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A protocol for manufacturing of GMP-compliant iPS cell lines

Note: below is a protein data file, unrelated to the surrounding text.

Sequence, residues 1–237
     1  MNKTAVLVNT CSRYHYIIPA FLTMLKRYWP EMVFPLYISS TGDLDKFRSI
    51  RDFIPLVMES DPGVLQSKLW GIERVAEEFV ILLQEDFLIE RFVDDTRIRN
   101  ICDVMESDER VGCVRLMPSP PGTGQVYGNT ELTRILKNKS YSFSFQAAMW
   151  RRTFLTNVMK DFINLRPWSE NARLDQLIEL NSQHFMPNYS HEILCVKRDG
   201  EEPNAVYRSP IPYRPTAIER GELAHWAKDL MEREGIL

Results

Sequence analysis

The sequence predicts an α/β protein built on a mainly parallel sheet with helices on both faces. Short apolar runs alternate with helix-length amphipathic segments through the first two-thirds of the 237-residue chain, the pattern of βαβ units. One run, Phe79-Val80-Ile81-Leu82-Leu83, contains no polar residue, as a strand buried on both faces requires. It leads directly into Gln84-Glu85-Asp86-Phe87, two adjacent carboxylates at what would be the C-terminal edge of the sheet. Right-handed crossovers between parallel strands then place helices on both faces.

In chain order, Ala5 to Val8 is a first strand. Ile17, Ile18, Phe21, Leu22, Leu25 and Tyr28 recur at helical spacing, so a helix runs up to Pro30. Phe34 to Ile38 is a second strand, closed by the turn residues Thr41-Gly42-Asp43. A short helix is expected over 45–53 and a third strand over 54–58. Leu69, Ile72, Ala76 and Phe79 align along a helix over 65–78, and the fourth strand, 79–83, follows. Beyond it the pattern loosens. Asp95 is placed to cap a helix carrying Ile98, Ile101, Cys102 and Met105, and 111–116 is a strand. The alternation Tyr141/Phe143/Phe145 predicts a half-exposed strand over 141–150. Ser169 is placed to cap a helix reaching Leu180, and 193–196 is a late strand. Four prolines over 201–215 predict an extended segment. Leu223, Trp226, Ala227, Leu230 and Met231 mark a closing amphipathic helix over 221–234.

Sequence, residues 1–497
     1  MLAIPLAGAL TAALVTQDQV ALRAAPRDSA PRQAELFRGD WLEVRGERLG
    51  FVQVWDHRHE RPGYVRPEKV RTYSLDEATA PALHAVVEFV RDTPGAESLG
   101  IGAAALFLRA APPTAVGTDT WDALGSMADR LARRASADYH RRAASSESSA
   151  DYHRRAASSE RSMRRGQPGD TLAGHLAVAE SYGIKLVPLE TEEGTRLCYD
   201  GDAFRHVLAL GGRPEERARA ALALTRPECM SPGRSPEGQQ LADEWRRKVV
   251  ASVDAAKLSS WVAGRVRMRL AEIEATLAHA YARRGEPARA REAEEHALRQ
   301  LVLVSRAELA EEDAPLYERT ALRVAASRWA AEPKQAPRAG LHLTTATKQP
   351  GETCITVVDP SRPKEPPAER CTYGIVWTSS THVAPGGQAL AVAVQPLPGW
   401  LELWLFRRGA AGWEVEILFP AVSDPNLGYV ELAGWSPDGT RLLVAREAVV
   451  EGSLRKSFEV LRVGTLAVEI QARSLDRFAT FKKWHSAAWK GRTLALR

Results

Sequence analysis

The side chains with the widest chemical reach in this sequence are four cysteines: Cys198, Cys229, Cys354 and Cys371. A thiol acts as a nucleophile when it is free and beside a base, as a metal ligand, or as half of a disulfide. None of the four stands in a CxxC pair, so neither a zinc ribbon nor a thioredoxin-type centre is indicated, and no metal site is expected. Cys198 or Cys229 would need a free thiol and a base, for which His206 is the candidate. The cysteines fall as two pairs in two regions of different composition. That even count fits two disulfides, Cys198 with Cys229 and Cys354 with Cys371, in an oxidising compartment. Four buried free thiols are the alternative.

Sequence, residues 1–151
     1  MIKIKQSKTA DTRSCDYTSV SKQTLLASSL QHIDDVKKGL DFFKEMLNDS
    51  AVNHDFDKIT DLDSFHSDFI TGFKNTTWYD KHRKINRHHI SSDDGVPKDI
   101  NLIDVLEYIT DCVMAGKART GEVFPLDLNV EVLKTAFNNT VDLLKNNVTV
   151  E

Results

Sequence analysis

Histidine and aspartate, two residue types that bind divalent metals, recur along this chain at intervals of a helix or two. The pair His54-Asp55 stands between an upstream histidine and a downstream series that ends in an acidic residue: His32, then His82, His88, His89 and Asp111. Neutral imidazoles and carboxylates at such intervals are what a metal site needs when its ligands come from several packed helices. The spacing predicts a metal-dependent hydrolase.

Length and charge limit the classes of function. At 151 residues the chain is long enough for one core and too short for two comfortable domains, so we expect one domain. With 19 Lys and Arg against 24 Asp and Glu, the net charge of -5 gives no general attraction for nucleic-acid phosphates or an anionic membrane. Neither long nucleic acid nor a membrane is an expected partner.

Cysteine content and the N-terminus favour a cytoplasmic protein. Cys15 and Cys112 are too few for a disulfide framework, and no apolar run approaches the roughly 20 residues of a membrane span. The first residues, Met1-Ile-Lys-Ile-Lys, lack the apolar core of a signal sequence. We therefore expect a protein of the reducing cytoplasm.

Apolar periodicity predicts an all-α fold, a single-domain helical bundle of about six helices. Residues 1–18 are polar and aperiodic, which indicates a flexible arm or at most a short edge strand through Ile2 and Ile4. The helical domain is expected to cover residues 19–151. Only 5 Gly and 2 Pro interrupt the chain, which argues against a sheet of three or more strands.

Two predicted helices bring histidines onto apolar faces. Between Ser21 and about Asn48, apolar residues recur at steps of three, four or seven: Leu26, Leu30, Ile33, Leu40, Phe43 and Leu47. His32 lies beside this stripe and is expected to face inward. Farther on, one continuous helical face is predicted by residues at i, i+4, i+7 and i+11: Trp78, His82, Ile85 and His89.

Yesterday, Stem Cell Reports published “must read” paper, which describes manufacturing of GMP-grade iPS cell line for potential clinical use. We saw a few very similar paper titles in in the past, but this one is special. Here is why: This is the first (as claimed by authors) fully GMP-compliant manufacturing protocol for generation of iPS cell master bank. “Fully” means a lot here, because previous protocols were lacking appropriate donor consents, determination of donor eligibility, appropriate process validation steps and quality control testing. It is in open access and it is the most detailed protocol ever published. Even though, the paper describes one process development, it gives a global framework to any cell product developer. Such general principles as donor eligibility, validation and engineering runs, in-process assays and quality control testing were greatly emphasized in the paper. As result of process development at Lonza, drug master file (DMF) was filed with FDA and available for developers. Ready to use DMF for clinical master cell bank means a lot, guys! You can save couple years of your time and tons of money for product and process development if use available iPS line with DMF. Take (buy) it and develop your own unique product from it! You can also hire Lonza to develop your specific master cell bank, using the same processes. This protocol was developed (partly) as “public good”...